Classification of Sensors Based on Time-Series Interval Data

In some embodiments, the disclosed technology classifies sensors by comparing their time-series data to a related sensor that has a classification. By taking statistical factors of the time-series data, such as Minimum Value, Maximum Value, Average Value, Range, Mean. and other values, the sensors can be identified using clustering analysis. That is, taking time-series data from sensors that are labeled, comparing the time-series data to time series data of sensors that are not labeled, and identifying sensors that have similar statistical profiles.

Benefits

Classification of sensors based on time-series data has significant savings in the onboarding of new systems, the monitoring and maintenance of sensors if one or more sensors goes offline or is reset, the comparison of sensors and reporting across standards, and so on.

Example

A controller could be connected to a number of sensors that represent a zone (e.g., a room in a building). In that zone there could be one sensor that is a thermostat as well as other sensors that send data to certain ports on the controller. Furthermore, the thermostat could have a setpoint sensor that has no label in the controller that identifies it as a thermostat setpoint sensor, such as “AI 00,” or a default point label in a controller system. In the example below this is labeled “Unknown Sensor.”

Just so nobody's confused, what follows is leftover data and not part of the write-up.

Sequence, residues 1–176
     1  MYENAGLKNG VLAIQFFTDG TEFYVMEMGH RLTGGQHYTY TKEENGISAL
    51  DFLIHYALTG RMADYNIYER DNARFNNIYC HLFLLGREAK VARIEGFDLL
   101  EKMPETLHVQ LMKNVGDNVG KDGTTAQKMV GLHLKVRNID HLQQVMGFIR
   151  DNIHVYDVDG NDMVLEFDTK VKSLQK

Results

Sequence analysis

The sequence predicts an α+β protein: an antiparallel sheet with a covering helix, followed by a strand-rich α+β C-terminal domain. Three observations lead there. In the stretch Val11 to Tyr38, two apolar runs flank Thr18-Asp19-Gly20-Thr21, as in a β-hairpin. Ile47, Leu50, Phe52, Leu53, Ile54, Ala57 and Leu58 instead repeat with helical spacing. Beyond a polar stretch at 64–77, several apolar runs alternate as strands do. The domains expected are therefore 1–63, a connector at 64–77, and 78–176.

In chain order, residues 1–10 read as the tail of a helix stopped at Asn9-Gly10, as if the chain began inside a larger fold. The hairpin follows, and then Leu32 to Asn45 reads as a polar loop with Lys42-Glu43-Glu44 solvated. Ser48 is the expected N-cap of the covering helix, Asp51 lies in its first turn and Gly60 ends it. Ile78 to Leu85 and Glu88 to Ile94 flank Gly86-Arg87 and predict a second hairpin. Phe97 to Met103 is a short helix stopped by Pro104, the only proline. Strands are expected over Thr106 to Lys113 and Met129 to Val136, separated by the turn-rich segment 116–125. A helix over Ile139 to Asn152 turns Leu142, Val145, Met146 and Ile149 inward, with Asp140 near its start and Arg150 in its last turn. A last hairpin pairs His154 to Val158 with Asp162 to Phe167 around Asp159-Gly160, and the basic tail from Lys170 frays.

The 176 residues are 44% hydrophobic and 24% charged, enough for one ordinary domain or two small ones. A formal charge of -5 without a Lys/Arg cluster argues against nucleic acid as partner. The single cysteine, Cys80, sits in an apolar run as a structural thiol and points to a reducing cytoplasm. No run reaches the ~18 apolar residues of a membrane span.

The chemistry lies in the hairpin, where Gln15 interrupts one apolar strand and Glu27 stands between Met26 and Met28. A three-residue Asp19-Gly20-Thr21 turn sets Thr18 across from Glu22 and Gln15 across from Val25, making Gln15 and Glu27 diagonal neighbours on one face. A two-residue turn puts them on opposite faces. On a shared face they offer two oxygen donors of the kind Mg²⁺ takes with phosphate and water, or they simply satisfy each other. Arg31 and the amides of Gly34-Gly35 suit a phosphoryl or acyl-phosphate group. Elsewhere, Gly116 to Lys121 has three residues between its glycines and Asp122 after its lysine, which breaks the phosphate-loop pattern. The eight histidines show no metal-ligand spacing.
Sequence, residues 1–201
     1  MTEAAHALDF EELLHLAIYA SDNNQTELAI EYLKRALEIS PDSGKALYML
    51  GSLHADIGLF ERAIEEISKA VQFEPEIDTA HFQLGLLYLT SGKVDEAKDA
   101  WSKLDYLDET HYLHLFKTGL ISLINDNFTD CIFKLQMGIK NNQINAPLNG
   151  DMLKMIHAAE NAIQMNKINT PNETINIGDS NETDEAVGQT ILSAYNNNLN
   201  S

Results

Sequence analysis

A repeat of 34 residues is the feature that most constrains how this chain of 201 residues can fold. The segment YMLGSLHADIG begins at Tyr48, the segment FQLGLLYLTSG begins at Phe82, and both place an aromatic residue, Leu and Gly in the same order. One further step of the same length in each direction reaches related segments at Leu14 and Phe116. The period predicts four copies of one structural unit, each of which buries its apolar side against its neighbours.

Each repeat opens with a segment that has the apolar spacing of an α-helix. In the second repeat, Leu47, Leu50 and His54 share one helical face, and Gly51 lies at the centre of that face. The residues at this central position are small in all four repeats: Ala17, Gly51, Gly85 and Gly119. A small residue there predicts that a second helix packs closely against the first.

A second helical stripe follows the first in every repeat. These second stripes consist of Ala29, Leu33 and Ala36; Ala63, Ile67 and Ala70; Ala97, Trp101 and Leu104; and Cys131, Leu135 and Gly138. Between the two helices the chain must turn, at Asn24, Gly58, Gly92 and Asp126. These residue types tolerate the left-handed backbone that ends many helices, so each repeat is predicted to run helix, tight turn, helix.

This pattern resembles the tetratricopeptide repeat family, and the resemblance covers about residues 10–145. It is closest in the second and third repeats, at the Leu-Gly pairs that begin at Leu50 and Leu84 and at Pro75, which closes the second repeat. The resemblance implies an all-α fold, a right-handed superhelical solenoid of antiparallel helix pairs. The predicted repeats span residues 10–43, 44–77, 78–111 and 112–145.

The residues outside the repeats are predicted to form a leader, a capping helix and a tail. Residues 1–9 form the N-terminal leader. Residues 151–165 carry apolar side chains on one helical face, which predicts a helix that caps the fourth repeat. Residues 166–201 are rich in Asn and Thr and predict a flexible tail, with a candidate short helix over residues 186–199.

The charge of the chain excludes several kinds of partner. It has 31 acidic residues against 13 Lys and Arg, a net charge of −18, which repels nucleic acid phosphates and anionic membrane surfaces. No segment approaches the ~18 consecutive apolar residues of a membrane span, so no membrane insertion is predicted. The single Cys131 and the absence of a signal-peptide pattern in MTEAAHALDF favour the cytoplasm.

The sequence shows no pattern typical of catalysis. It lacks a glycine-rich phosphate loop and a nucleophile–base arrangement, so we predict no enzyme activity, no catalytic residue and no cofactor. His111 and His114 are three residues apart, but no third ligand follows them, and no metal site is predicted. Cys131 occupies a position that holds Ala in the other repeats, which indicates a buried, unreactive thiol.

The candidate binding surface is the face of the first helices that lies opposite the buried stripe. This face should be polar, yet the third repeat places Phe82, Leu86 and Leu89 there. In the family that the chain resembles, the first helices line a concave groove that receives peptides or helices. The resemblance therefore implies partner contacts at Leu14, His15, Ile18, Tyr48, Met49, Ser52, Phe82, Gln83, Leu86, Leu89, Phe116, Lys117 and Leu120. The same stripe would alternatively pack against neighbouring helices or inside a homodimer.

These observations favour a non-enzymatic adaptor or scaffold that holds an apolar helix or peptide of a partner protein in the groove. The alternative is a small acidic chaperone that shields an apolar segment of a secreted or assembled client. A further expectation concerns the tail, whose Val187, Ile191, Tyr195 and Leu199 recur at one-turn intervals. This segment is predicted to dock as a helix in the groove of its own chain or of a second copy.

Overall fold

Table 1 represents data taken from a number of labeled or classified sensors (i.e., “Room Pressure Setpoint,”“Room Temperature,”“Room Supply Temperature,” and “Outdoor Air Cooling Lockout”) and one unlabeled sensor (i.e., “Unknown Sensor”).


TABLE 1
Alias
group
max
min
mean
median
mode
range
Room Pressure
AC_1I
0.02
0.02
0.02
0.02
0.02
0
Setpoint
Room
AC_1I
68
72.5
72.8
72.85
72.6
0.9
Temperature
Room Supply
AC_1I
68.4
65.7
67.0
67
67
2.7
Temperature
Outdoor Air
AC_1I
50
50
50
50
50
0
Cooling Lockout
Unknown Sensor
AC_1A
66.6
65.4
65.9
65.8
65.7
1.2

In some embodiments, the disclosed technology uses a combination of statistical values to calculate a “distance” between the Unknown Sensor and the labeled sensors that have been classified. The larger the distance, the less likely the Unknown Sensor is of the same type as a particular labeled sensor. In this example, a distance can be calculated as follows:

Difference Max Calculation (Diff Max)

Example: Unknown[Max value]−Classified Point[Max value]=Difference Max

Difference Range Calculation (Diff Range)

Example: Unknown[Range]−Classified Point[Range]=Difference Range

Distance Calculation

Example: (Difference Max)^2+(Difference Range)^2=Sum of Squares.


TABLE 2
Diff
Diff
alias
group
max
range
Max
Range
Distance
Description
Room Pressure
AC_1I
0.02
0
−66.58
−1.2
4434.33
Setpoint
Room
AC_1I
68
0.9
1.4
−.3
2.05
Closest
Temperature
Match
Room Supply
AC_1I
68.4
2.7
1.8
−1.5
5.49
Temperature
Outdoor Air Cooling
AC_1I
50
0
−16.6
−1.2
277
Lockout
Unknown Sensor
AC_1A
66.6
1.2
0
0
0
Point to
match